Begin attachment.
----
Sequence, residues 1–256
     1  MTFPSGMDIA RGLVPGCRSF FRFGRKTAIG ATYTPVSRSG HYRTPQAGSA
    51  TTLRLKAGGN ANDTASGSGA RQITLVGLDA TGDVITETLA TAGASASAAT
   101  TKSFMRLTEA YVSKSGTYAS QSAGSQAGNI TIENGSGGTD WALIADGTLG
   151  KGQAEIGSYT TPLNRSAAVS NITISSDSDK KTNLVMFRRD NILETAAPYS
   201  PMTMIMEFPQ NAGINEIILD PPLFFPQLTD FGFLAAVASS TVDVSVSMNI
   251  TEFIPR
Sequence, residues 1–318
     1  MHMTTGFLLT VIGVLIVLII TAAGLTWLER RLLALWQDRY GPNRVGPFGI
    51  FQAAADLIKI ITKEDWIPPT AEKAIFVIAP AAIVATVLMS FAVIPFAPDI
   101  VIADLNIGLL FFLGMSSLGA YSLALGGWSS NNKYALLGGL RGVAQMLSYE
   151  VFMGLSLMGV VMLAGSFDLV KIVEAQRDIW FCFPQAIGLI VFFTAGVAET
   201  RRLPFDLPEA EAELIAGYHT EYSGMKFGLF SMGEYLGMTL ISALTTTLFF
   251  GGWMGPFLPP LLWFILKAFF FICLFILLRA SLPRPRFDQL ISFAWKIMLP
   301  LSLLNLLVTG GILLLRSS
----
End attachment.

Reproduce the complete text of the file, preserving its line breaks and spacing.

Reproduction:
Sequence, residues 1–256
     1  MTFPSGMDIA RGLVPGCRSF FRFGRKTAIG ATYTPVSRSG HYRTPQAGSA
    51  TTLRLKAGGN ANDTASGSGA RQITLVGLDA TGDVITETLA TAGASASAAT
   101  TKSFMRLTEA YVSKSGTYAS QSAGSQAGNI TIENGSGGTD WALIADGTLG
   151  KGQAEIGSYT TPLNRSAAVS NITISSDSDK KTNLVMFRRD NILETAAPYS
   201  PMTMIMEFPQ NAGINEIILD PPLFFPQLTD FGFLAAVASS TVDVSVSMNI
   251  TEFIPR
Sequence, residues 1–318
     1  MHMTTGFLLT VIGVLIVLII TAAGLTWLER RLLALWQDRY GPNRVGPFGI
    51  FQAAADLIKI ITKEDWIPPT AEKAIFVIAP AAIVATVLMS FAVIPFAPDI
   101  VIADLNIGLL FFLGMSSLGA YSLALGGWSS NNKYALLGGL RGVAQMLSYE
   151  VFMGLSLMGV VMLAGSFDLV KIVEAQRDIW FCFPQAIGLI VFFTAGVAET
   201  RRLPFDLPEA EAELIAGYHT EYSGMKFGLF SMGEYLGMTL ISALTTTLFF
   251  GGWMGPFLPP LLWFILKAFF FICLFILLRA SLPRPRFDQL ISFAWKIMLP
   301  LSLLNLLVTG GILLLRSS